The Fifth Circuit has declined to postpone oral argument in a Louisiana case, ruling in Coleman E. Adler, LLC v. AXIS Surplus Ins. Co., No. 21-30478 (5th Cir. June 29, 2022) that the insured’s motion to certify these issues to the Louisiana Supreme Court would be “carried with the case.”
The North Carolina Court of Appeals has set aside an early policyholder victory, ruling in North State Deli v. The Cincinnati Ins. Co., No. 21-293 (N.C. App. July 5, 2022) that mere loss of use of the insureds’ restaurants did not cause direct physical loss to the properties.
Two panels of the Illinois Appellate Court issued summary affirmances last week. In State & 9 Street Corp. dba Bulldog Ale House v. Society Ins. Co., 2022 IL App (1st) 211222 (Ill. App. Ct. June 30, 2022), the First District ruled that various restaurant and bar owners had not pleaded a viable claim for business interruption loss as the business premises had not suffered direct physical loss or damage. Further, the Appellate Court refused to find that the policies’ contamination provisions covered these losses as Governor Pritzker’s shut down orders were not issued on account of any outbreak on the insured’s premises but rather were intended to prevent the spread of the COVID virus. In Bottleneck Mgt., Inc. v. Zurich American Ins. Co., 2022 IL App. (1st) 211462 (Ill. App. Ct. June 30, 2022), the court similarly ruled that the trial court had not erred in observing that the virus could be easily cleaned from building surfaces, declaring, as it had previously ruled in Sweet Berry Café, that this was a matter of “common knowledge.”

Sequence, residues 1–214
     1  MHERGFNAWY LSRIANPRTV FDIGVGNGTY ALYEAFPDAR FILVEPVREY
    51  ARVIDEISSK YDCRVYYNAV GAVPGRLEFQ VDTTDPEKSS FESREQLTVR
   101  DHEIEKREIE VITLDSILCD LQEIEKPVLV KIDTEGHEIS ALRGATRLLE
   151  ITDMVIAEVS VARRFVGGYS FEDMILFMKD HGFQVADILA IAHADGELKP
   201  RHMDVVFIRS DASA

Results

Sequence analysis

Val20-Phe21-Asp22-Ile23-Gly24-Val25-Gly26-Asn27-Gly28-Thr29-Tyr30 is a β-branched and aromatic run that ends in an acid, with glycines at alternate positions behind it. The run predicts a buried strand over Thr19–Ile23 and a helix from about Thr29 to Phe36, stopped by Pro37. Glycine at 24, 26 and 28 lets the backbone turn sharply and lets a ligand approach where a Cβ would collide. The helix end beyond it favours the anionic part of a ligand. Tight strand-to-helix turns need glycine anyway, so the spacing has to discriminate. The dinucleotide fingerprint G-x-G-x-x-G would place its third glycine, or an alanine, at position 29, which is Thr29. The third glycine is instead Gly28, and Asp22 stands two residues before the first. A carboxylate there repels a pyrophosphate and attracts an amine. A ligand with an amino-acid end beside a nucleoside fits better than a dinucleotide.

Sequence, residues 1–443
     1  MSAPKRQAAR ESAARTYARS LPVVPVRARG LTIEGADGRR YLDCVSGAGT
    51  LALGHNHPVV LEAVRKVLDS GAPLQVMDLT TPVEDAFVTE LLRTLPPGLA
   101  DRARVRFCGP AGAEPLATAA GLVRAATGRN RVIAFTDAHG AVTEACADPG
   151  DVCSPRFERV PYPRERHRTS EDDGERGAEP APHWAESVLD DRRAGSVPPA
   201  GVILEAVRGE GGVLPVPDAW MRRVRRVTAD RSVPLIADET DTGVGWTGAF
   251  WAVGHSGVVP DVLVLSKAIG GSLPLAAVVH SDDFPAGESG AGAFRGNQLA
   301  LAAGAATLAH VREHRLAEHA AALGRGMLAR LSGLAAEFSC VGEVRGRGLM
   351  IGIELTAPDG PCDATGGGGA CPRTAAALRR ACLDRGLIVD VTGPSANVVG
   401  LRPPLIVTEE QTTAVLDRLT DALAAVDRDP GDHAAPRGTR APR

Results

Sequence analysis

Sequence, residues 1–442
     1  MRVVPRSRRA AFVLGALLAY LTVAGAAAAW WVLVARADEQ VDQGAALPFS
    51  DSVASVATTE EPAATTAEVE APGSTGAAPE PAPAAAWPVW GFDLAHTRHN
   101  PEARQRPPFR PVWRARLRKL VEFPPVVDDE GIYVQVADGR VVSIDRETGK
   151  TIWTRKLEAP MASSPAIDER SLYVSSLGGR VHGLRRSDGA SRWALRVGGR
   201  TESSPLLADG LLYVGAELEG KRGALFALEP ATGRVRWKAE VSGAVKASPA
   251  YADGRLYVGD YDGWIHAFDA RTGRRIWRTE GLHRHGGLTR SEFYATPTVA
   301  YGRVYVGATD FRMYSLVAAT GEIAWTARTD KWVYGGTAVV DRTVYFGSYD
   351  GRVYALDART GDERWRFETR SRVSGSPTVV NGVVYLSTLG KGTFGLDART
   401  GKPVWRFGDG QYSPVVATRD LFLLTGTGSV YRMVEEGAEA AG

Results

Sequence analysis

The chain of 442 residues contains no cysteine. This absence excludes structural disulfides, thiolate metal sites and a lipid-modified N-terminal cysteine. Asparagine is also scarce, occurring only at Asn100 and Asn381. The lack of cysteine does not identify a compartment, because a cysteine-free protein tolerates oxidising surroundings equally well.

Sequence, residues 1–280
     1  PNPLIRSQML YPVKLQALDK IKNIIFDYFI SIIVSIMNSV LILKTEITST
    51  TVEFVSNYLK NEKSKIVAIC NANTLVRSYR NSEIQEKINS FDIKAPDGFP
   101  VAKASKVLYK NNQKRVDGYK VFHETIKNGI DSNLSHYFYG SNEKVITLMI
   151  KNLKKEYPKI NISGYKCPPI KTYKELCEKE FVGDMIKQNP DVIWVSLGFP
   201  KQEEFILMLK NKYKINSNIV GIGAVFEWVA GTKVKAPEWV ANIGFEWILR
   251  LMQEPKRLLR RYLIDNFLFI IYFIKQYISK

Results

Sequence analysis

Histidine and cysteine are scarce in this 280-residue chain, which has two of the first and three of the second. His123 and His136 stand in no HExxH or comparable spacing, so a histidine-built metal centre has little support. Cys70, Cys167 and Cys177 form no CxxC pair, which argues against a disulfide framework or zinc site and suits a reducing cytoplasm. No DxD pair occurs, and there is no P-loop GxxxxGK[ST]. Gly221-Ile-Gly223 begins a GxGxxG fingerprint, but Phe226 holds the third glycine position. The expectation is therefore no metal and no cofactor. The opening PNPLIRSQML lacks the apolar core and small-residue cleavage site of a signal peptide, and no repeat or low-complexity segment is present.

NEW CASES OF CONSEQUENCE
SECOND CIRCUIT E&O/Prior Acts Exclusion
The Second Circuit has issued a summary affirmance in Knox v. Ironshore Ind. Co., No. 21-3032 (2d Cir. June 23, 2022), declaring that gender-based employment discrimination claims against a clothing retailer were subject to a “prior acts” exclusion in light of the fact that the discriminatory guideline in question had been adopted prior to the issuance of Ironshore’s policy.
ELEVENTH CIRCUIT Bad Faith (FL)